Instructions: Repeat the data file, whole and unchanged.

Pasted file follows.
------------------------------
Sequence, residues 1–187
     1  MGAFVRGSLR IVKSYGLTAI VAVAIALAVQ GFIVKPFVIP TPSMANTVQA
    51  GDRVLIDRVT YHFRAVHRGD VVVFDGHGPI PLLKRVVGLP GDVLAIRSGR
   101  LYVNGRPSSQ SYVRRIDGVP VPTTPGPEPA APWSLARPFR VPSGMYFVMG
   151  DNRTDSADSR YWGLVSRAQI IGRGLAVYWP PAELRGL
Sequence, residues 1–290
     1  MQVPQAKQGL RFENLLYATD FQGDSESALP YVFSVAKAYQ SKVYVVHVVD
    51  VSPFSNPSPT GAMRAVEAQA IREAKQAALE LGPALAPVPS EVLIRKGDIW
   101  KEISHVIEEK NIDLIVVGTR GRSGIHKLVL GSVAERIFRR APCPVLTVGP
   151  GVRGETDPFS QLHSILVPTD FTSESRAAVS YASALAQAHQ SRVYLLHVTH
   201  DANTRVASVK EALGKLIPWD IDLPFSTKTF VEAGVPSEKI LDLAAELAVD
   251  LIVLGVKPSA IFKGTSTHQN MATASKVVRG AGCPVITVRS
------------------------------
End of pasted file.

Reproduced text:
Sequence, residues 1–187
     1  MGAFVRGSLR IVKSYGLTAI VAVAIALAVQ GFIVKPFVIP TPSMANTVQA
    51  GDRVLIDRVT YHFRAVHRGD VVVFDGHGPI PLLKRVVGLP GDVLAIRSGR
   101  LYVNGRPSSQ SYVRRIDGVP VPTTPGPEPA APWSLARPFR VPSGMYFVMG
   151  DNRTDSADSR YWGLVSRAQI IGRGLAVYWP PAELRGL
Sequence, residues 1–290
     1  MQVPQAKQGL RFENLLYATD FQGDSESALP YVFSVAKAYQ SKVYVVHVVD
    51  VSPFSNPSPT GAMRAVEAQA IREAKQAALE LGPALAPVPS EVLIRKGDIW
   101  KEISHVIEEK NIDLIVVGTR GRSGIHKLVL GSVAERIFRR APCPVLTVGP
   151  GVRGETDPFS QLHSILVPTD FTSESRAAVS YASALAQAHQ SRVYLLHVTH
   201  DANTRVASVK EALGKLIPWD IDLPFSTKTF VEAGVPSEKI LDLAAELAVD
   251  LIVLGVKPSA IFKGTSTHQN MATASKVVRG AGCPVITVRS